Which is what had me at my secretary desk, two notebooks open at once (notebook shown is the “official-because-I-say-it-is” notebook for this project (Abbie and Ichabod have nothing to do with this book; they’re just pretty, and they make me happy, so they can stay) and the entries in it are, hm, we shall say well-spaced, because this notebook intimidates me. It looks like this on the outside:


It’s the big one on the bottom; I am lazy and not scrolling. Also, hello, my legs I did not crop out of the picture. Whatever..

In short, the notebook is pretty and fancy and I did not want to ruin it with my horrible straight-out-of-my-brain writing. Especially when it is of the “I have not idea what I am doing” variety and have trouble reading my own handwriting. This is slightly better when I use better pens, like fountain pens, which I use here, or rollerballs, which I used in the other notebook, to take notes in the workshop. Basically, that part of  my day consisted of me copying things from the workshop notebook (really my all purpose notebook) into the HLFK notebook and expounding upon/applying the points to Hero and Heroine’s story. At a certain stage of the story, in any genre, readers have some expectations, and if those expectations aren’t fulfilled, readers are going to be cranky. I do not want cranky readers. On the other hand, I would take cranky readers over no readers, because my standards in that department are not that high at this stage of getting back on the metaphorical horse.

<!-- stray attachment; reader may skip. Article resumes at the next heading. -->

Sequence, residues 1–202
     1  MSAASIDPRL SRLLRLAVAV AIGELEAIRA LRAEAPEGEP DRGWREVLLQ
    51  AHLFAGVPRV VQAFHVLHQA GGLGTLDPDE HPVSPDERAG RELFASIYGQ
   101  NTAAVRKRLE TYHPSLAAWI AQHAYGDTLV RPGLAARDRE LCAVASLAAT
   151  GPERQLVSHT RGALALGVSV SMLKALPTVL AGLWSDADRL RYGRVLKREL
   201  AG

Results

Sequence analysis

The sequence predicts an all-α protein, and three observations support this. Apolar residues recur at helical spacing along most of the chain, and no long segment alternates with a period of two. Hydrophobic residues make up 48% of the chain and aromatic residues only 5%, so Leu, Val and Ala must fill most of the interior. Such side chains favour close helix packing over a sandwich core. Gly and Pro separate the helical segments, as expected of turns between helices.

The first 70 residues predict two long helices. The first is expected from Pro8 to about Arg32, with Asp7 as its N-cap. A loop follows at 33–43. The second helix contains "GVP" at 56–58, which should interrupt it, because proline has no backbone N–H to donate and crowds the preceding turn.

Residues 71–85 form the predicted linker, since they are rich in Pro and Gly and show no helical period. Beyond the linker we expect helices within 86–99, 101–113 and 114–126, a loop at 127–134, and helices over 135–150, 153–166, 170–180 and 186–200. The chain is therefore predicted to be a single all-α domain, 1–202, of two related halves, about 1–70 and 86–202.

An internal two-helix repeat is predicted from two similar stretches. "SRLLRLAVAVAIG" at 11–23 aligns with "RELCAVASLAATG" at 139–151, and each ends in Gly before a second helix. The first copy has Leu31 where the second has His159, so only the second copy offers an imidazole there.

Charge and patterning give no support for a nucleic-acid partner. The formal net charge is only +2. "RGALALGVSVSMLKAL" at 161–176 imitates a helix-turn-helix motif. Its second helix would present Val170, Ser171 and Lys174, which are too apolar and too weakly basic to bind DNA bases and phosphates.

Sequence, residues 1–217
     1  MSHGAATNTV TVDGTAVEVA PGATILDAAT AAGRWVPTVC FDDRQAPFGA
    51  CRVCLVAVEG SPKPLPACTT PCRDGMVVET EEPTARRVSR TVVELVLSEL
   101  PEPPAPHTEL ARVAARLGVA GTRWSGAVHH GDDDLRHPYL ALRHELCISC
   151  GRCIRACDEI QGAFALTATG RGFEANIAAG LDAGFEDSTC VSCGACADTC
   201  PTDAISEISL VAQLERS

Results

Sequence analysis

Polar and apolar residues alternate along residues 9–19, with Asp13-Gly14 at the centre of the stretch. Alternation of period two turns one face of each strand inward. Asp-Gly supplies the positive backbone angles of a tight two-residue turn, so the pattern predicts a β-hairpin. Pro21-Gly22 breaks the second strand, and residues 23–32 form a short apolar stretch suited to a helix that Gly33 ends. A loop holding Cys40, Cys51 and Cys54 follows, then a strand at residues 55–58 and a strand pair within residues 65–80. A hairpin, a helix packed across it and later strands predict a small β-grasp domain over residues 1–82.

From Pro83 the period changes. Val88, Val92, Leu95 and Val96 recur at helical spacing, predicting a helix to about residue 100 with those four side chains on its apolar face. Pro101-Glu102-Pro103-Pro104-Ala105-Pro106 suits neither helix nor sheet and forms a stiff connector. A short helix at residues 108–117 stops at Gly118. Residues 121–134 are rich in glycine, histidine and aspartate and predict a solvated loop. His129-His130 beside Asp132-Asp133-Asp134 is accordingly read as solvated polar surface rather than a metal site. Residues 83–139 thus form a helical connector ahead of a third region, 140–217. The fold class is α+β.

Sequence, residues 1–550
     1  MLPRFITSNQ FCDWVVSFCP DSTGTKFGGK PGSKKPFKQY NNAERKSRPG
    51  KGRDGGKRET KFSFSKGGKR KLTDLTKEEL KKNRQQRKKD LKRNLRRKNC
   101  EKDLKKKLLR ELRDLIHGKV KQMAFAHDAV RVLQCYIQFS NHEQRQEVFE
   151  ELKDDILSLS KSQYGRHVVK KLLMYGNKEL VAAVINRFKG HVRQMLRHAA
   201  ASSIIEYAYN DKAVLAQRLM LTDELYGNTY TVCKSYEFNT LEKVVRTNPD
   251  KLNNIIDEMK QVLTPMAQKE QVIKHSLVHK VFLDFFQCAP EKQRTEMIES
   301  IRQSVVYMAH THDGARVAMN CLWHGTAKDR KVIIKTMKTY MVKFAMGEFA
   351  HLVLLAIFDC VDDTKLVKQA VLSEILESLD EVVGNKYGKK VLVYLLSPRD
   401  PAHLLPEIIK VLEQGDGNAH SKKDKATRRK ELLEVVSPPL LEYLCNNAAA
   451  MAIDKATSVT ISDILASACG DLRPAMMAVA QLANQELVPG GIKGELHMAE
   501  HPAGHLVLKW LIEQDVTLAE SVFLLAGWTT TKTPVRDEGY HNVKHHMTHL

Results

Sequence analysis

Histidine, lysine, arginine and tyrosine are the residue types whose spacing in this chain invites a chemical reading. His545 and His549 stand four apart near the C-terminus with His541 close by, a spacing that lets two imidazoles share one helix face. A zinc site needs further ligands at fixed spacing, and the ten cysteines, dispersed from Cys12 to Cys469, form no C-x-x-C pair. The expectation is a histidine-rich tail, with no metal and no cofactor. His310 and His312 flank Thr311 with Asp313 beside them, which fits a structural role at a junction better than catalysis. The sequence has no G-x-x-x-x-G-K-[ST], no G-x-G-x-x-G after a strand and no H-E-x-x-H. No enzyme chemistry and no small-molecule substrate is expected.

Which is actually a big help to the writer. This stage of the game is where we do the thing. Okay. We can do the thing. How, exactly, do these particular characters do the thing? That’s what makes this book different from all the others out there, and there are a lot of them out there, but this one  is mine. Well, actually Hero’s and Heroine’s, but I am hoping you get the drift here. Even if you are cranky; if you are cranky, reading a good book could help. Or read one of mine. That would set you apart from the crowd. (cue saxophone version of “Ain’t Too Proud To Beg” in the background)


So, basically, that part of my day consisted of using the pointy part of my fountain pen to stab Hypercritical Gremlins (thankfully, they bleed ink) and rough out exactly how Hero and Heroine would most likely do this particular thing. Find the worst thing that could happen to them, and then make it happen. Well, that’s easy, and provides a healthy dose of schaudenfreud (which I probably misspelled, but refer to Voltaire quote above) -the only way it’s okay to be happy that other people are miserable. I need to run this by N, but I think I am on to something, and the formerly gelatinous part is getting to a nice degree of firmness and providing forward momentum. I am going to call that good.